Op-ed in Van. Sun: Delays costly for Okanagan park

  • Published on May 25 2011 |
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Delayed approval for proposed park could be costly

CPAWS op-ed published in Vancouver Sun, May 25, 2011

British Columbia could have a new national park at any time -- and it will be a beauty. Set in the rolling hillsides of the South Okanagan-Similkameen, this proposed park is just a four-hour drive from Vancouver. Great adventures await everyone. Best of all, this park would forever save a slice of an incredibly endangered landscape.

Unfortunately, this wonderful contribution to Canada’s parks system has yet to materialize.

So what’s the problem? That is what we’d like to know. Our organization, the Canadian Parks and Wilderness Society, works largely behind the scenes; we’ve helped create many parks in Canada. We know the core feasibility research for this Okanagan-area park was completed long ago. Thus, it’s extremely frustrating that the public “two-year” feasibility study is now crawling into its seventh year.

Everyone is waiting for one small formality: Approval by the B.C. government. Once that happens, Parks Canada can buy the core private grasslands desirable for this park. The location is strategic, as several provincial parks adjoin this core area. Combined, the protected parkland will help 56 species at risk and save a swath of quickly disappearing landscape.

The wait is nerve-wracking. Around the proposed park area, lands continue to be converted to vineyards, suburbs, and other developments. Without movement by our B.C. government, these ecologically-rich lands and expansive ranches will be sold to private interests. Opportunities to buy these lands for conservation will be lost.

The delay is costly in other ways. Without protected habitat, struggling species will become more at risk. It’s very expensive to try to “save” a species too late in the game and B.C. taxpayers will be on the hook. Also, every year that the feasibility study drags on, taxpayers pay for the never-ending bureaucratic process. Ranchers and other business people must also grapple with the uncertainty; they can’t make long-term plans or capital investments.

So we have a costly and harmful delay. The curious part of this story is that the delay seems institutionalized; no one seems sure of the direct cause of the hold-up. The science is solid. This Okanagan region, with its dry climate and unique nature, is one of the four most endangered landscapes in Canada. This park is a national priority for Parks Canada.

Is this delay caused by nervous politicians? Possibly, but it could just be generalized anxiety. There is great support by local communities, like Osoyoos, Oliver, Penticton and Keremeos. Recent polling shows that 63 percent of local residents want this park to go ahead. In our experience, that is terrific local support. Still, there is a vocal minority – a select group of people within the ATV and hunting communities – who don’t want this park created, as they want to recreate at random throughout the region.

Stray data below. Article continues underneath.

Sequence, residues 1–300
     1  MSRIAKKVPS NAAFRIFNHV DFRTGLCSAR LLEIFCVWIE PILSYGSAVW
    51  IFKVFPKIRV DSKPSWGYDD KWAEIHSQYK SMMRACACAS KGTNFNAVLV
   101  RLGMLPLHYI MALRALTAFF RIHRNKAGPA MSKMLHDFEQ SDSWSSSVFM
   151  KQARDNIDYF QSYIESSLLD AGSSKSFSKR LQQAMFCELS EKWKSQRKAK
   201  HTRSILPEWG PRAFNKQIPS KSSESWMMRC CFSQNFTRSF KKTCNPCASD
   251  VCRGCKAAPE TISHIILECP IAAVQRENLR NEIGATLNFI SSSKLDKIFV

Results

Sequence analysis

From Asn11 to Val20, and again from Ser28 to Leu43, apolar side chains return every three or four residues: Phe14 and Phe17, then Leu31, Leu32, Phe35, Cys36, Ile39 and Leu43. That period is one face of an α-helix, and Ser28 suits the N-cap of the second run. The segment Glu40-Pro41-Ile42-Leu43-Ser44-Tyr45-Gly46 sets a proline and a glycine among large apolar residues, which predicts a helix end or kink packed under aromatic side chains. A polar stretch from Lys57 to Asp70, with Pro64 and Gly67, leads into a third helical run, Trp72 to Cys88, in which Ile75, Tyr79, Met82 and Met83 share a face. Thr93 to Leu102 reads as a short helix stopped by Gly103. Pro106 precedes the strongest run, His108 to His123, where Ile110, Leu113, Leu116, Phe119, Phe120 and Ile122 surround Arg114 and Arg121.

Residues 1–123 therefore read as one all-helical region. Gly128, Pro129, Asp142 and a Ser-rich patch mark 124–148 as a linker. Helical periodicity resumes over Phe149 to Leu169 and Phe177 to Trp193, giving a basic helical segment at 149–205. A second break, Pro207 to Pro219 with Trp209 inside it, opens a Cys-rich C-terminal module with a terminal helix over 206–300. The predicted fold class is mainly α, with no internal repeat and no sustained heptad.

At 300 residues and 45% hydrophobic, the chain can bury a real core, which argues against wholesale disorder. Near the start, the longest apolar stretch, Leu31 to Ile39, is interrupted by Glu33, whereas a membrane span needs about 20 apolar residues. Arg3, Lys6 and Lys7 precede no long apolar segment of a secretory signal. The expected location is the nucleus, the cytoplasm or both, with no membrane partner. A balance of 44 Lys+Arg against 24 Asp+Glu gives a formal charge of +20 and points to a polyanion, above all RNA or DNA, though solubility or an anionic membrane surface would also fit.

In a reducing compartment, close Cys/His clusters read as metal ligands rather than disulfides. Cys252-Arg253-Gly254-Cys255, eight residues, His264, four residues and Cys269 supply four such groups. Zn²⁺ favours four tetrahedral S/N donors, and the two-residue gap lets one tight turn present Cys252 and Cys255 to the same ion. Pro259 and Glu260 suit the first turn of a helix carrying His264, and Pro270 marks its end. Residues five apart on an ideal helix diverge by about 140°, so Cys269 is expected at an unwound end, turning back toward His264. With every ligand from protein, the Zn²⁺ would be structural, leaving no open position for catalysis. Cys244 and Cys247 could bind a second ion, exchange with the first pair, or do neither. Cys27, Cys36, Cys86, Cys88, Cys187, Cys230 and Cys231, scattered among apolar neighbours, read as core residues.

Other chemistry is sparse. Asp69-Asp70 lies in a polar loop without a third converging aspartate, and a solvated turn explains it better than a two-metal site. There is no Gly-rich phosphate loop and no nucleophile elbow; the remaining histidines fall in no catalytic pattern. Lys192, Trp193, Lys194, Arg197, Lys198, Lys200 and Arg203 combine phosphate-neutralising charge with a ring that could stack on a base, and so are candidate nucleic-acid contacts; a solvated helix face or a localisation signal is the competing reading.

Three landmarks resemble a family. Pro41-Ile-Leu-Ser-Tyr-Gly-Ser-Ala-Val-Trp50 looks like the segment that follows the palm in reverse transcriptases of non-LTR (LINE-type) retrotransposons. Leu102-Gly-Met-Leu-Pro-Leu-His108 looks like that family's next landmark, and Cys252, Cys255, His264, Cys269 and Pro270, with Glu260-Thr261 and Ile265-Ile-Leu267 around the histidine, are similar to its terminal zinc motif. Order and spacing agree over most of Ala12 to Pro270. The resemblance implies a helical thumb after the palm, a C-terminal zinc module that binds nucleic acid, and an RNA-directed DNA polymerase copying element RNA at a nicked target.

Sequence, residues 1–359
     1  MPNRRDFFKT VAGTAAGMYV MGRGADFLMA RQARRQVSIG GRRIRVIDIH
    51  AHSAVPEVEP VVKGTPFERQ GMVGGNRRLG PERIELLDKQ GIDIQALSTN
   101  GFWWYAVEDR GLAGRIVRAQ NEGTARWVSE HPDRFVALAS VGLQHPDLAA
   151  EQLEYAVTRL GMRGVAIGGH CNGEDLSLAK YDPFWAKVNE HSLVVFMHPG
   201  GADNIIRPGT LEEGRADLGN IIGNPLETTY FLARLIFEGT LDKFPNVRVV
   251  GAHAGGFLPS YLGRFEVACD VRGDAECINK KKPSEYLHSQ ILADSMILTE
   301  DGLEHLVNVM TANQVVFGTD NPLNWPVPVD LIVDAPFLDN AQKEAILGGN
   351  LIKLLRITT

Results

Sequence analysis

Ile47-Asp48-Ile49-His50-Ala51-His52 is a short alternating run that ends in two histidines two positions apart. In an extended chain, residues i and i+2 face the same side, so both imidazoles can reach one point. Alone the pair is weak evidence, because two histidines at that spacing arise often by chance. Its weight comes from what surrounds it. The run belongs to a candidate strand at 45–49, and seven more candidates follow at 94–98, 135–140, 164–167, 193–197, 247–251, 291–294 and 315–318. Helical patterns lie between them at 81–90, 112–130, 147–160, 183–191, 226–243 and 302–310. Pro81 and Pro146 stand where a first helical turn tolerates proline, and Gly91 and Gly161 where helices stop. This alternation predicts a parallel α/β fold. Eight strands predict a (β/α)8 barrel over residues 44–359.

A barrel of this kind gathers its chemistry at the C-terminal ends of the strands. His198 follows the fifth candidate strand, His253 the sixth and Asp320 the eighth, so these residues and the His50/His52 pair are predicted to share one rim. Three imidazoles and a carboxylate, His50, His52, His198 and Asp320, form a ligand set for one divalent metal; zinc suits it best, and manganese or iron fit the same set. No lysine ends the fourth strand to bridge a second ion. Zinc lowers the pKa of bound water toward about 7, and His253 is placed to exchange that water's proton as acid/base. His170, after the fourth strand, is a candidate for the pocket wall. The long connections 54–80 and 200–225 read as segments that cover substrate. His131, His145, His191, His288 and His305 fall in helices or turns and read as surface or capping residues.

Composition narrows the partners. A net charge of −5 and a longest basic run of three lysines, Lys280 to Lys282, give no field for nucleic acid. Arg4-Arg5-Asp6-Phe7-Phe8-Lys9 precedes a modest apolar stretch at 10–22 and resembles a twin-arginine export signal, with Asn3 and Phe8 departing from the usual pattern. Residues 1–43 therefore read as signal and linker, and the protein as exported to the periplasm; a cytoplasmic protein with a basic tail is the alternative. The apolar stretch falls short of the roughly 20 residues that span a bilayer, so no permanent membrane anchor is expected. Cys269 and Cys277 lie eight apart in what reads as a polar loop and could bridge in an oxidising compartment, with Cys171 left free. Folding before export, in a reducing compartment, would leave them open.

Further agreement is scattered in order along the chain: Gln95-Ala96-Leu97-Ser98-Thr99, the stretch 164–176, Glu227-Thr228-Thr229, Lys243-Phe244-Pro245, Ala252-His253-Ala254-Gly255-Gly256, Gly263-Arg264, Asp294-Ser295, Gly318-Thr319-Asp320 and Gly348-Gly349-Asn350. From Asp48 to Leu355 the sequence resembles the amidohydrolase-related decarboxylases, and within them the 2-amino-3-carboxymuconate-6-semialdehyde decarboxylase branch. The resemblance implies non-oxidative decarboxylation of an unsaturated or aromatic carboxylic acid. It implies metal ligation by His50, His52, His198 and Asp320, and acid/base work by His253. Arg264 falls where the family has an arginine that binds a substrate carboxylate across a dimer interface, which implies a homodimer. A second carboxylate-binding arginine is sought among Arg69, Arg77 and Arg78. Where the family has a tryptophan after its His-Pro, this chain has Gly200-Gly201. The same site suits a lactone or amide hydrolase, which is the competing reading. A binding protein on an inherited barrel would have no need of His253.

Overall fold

Their desires for random roaming are simply not feasible. This is a dry, desert-like region. Without much water, this landscape takes many years to regenerate after it’s chewed up by off-road tires.

At the Canadian Parks and Wilderness Society, we work with all special interest groups to create parks that benefit the many and the few. Our supporters include hunters and ATV riders.

The current park proposal is extremely generous. Hunting will be phased out over decades. Off-road ATV riding and mud bogging in protected areas is illegal now and will still be illegal in the future. Any loss of “random recreation” is utterly negligible.

We hope our B.C. government will listen to the strong majority of local residents and businesses – especially the hotels, motels, restaurants, vintners, real estate agents and tourism operators – who support this national park proposal. This park is a chance to properly conserve their disappearing landscape while enjoying the big economic boost that national parks bring to local communities. The resources and staff of the national park would also enhance local fire and water management to combat the area’s tinder dry summer vegetation and receding lakes.

Why a “national” park? National parks have decent funding, scientific monitoring, good interpretive centres, strategic walkways and careful attention to endangered species. In contrast, B.C.’s provincial parks are woefully underfunded, with scant monitoring and few full-time employees.

Premier Christy Clark wants to put “families first” in our province. This park will be a great place for families to come together and explore a very different landscape from our lush coastal rainforests. The South Okanagan-Similkameen has rolling hills and dry grasslands with desert-like shrubs and ponderosa pine trees.

We hope Premier Clark considers its endangered status and imagines families yet to come – those future generations who will benefit the most from this national park.

We’re at a genuine crossroads in this region.

We must protect this landscape now with the federal resources offered by a national park, or lose it forever. Parks Canada is poised to spend millions in B.C. creating and maintaining this park. Why would we turn down that offer of green investment?

On Sunday, the United Nations marked its Day of Biological Diversity. What an appropriate time of year to protect one of the most biodiverse places in Canada. Along with Premier Clark, we hope Prime Minister Stephen Harper will rise to the occasion and protect this precious natural world for the people of British Columbia.

Please let this park be born; don’t let it “wait to death”.

Chloe O’Loughlin

Executive Director

Canadian Parks and Wilderness Society, B.C. chapter